December 6, 2022

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The Giro Peloton did not forget Wouter Weilandt: 'A brilliant boy always smiled' |  gyro

The Giro Peloton did not forget Wouter Weilandt: ‘A brilliant boy always smiled’ | gyro

Eleven years after the fateful fall of Wouter Weylandt down the slope of Passo del Bocco, the Giro peloton crosses again today’s conscious climb. Some colleagues who were there on that black day in 2011 recalled Sporza: “A black page was hard to turn.”

Nabali: “Long live the memory of Vouter”

“I remember it was a fast stage. It was a hard descent from Paso del Poco. We didn’t really know what happened behind us. I remember dawn only started after they finished something serious happened.”

“There were no journalists and there was no music. We only heard what happened to Weilandt on the bus. It was a very sad day. The flight the next day was in honor of him. We tried it as best we could.

“It will now be special to drive the Passo del Bocco, just as it was to drive through the Michele Scarponi area earlier this week. The Giro will once again give a great appreciation, and this is important. This is how we keep the memory of Wouter Wellandt alive” .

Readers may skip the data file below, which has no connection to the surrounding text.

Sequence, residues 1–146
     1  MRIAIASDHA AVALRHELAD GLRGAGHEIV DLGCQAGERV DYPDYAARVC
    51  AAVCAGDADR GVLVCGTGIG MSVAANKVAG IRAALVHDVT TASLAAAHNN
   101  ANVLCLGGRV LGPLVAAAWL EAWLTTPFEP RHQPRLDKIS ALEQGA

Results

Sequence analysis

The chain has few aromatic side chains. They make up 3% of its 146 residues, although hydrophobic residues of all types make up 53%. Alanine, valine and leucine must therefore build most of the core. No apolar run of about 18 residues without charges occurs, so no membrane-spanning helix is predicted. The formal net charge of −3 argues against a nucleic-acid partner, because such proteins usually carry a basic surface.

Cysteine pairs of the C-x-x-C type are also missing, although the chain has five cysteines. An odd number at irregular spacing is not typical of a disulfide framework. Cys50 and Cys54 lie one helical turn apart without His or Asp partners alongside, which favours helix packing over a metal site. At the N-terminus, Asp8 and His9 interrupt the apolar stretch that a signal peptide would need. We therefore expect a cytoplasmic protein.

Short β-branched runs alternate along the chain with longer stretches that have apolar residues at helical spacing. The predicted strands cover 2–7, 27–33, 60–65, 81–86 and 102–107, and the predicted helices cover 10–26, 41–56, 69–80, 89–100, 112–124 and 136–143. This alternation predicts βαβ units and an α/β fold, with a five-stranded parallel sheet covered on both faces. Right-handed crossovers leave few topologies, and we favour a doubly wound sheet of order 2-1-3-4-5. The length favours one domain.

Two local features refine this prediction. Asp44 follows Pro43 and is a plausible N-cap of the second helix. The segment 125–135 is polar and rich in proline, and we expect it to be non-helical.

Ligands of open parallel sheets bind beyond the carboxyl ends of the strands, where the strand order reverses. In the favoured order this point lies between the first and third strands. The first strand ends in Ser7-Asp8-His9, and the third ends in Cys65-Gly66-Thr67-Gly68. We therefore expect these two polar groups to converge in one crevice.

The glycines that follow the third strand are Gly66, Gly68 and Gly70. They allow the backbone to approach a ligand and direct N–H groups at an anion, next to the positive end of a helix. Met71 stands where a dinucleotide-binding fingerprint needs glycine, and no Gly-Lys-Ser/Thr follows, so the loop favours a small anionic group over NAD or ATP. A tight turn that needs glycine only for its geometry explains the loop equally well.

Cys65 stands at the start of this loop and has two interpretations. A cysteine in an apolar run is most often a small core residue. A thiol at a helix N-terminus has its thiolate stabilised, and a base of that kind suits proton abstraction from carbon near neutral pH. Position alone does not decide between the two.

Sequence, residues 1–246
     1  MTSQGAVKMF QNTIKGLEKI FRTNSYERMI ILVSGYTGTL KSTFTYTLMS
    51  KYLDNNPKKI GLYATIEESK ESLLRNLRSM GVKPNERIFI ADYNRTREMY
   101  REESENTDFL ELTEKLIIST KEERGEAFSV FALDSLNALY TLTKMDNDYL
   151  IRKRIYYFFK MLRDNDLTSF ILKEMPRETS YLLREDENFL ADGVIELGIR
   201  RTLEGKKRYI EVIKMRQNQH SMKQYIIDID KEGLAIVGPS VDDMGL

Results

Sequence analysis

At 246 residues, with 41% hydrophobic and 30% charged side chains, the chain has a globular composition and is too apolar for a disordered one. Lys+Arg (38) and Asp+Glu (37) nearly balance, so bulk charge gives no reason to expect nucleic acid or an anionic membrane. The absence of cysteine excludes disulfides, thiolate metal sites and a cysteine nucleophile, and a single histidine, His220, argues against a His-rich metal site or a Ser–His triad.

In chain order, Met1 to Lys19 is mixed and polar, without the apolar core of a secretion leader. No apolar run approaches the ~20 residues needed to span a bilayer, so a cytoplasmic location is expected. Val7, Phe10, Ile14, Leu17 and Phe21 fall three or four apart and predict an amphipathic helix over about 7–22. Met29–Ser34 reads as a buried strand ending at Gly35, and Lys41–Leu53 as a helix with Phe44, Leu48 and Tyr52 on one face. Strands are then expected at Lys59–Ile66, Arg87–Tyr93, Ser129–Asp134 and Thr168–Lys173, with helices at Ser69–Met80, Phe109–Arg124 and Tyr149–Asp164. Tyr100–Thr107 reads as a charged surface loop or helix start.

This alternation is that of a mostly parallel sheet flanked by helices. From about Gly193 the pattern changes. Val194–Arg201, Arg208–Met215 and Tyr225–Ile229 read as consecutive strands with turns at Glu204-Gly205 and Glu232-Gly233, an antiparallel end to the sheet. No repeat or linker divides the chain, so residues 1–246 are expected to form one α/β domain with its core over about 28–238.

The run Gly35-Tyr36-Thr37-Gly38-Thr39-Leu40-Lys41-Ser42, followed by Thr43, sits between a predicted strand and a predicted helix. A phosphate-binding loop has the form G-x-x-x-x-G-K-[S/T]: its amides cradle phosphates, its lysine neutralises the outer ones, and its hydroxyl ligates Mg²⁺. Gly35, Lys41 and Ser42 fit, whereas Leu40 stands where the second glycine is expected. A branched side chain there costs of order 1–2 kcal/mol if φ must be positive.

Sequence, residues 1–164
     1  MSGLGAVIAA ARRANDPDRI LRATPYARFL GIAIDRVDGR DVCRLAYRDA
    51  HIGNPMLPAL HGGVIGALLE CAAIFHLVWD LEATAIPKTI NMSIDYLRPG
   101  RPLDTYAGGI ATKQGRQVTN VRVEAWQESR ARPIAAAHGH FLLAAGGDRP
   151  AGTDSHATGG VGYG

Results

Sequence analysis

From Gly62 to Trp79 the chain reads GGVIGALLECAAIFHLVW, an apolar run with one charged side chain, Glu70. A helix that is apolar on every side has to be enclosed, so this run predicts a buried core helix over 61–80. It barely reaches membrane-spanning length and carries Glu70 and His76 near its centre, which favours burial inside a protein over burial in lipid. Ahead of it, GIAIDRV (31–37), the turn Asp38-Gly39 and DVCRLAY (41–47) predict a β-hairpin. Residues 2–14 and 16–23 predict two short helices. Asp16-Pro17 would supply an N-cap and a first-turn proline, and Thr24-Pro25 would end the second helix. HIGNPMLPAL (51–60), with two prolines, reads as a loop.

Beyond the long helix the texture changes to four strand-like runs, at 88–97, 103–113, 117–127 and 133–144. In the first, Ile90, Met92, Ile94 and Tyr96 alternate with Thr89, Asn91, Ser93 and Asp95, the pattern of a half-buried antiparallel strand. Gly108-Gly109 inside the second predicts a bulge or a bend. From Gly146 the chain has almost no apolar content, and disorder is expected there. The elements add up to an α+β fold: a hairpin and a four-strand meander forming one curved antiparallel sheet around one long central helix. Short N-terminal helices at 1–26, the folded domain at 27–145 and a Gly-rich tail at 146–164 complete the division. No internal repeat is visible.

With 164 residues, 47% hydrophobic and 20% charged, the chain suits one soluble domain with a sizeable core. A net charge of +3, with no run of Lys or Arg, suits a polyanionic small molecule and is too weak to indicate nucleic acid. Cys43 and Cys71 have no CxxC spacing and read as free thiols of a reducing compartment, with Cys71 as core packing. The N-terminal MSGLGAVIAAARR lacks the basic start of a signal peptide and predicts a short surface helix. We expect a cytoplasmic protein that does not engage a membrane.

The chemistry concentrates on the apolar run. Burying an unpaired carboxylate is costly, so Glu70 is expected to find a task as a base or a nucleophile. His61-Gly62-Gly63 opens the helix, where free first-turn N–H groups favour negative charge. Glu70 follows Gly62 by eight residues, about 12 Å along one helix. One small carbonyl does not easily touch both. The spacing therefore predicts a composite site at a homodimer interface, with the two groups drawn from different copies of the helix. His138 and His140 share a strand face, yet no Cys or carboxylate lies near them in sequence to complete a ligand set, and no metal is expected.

Pozovevo: “The stage the next day seemed endless”

“I remember it as a very difficult cycling class,” says Domenico Pozofevo, who was in the peloton on that particular day in May 2011. “I think it’s a black page for everyone, and it was hard to fold.”

“We didn’t know anything while riding, until we got the sad news on arrival,” Pozzo recalls. “She’s been mentally tough for several days.”

“The next day was almost unbearable. We had to deal with him during the stage the next day, but it seemed endless. None of us could imagine the pain of his family.”

“I haven’t raced in Water much, but I remember him as a radiant, calm boy, always smiling. It would be great to drive over Paso del Boco. It would be the first time we had been in a long time, it would give you goosebumps.”

Van Emden: ‘Wooter always smells like cologne’

“I’m getting goosebumps again, now that we’ve talked about it,” Jos van Emden opens. “It was horrible. I drove all that day and saw Wouter lying there. I can probably classify that as the lowest point of my career.”

“How did you live that day? There was a dead rider there, you knew that at the time. That made a huge impression.”

“I was only very early in my career at the time, but I would occasionally talk to Water. He always smelled strongly of cologne. I remember we dumped together once in Paris-Nice, but anyway you smell good,” I told him then. .He was a very friendly man.”

“Will I think of him while climbing Paso del Boco? I really hope it doesn’t. When I think of the beautiful tribute, I still get goosebumps.”

The Dutchman concludes, “The documentary on Heat Shieldplotton hasn’t left me the way it is. It’s not fond memories, so I hope I don’t think about it too much.”

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